From the New York Times, 2/15/1888


RICHMOND, Va., Feb. 14. – The Mayor of Richmond is in daily receipt of letters from all parts of the country in regard to the proposal to remove Libby Prison from here to Chicago. Among the letters received today was one from James Stewart of Pittsburg, late Captain of Company K, One Hundred and Forty-sixth New-York Volunteers, and Brevet Lieutenant-Colonel. The writer served with conspicuous distinction during the war. He was an inmate of old Libby, and just before the close of the war was selected by the Federal Government as its authorized agent to distribute provisions to the Federal prisoners here and elsewhere in the South. Capt. Stewart denounces in strong terms the scheme to carry the Libby to Chicago. Among other things he says: “It might serve to collect dimes and dollars as a ghastly circus exhibition to fill the pockets of sharp, unprincipled speculators – men that have conceived the selfish and despicable idea of violating the sanctity of the soldiers’ sufferings and to many the very spot of their deaths.”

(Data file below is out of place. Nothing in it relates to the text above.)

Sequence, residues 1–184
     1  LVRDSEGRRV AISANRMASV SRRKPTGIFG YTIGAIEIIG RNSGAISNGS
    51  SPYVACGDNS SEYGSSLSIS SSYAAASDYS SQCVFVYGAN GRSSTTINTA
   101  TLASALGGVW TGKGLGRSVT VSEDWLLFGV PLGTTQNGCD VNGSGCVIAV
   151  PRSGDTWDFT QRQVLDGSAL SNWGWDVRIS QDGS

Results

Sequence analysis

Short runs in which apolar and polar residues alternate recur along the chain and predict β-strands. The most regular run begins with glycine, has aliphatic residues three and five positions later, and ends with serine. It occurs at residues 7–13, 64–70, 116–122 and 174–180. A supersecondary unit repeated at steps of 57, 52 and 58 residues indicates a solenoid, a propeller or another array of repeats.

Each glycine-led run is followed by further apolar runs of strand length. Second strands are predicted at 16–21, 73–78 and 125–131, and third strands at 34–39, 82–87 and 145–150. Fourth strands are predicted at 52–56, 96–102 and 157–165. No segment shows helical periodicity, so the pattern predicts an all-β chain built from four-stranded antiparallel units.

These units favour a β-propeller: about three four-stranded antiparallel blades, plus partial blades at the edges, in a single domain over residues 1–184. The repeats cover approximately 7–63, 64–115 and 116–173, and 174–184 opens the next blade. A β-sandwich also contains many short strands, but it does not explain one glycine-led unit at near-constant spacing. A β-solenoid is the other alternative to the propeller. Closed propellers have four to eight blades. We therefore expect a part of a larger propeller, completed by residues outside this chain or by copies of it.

Continuing, the writer says: “Now, the proposal to remove Libby Prison is a piece of disturbing impertinence, that no prisoner of war who was ever confined in it would for a moment have anything to do with. I trust the good people of Richmond will take measures so that the old prison will not be removed and used for the purpose of filling the pockets of the ghoulish company who planned the nefarious project. Rather, far rather, let it be consigned to the torch, or a torpedo placed under it, and hurl the whole structure into the James.”

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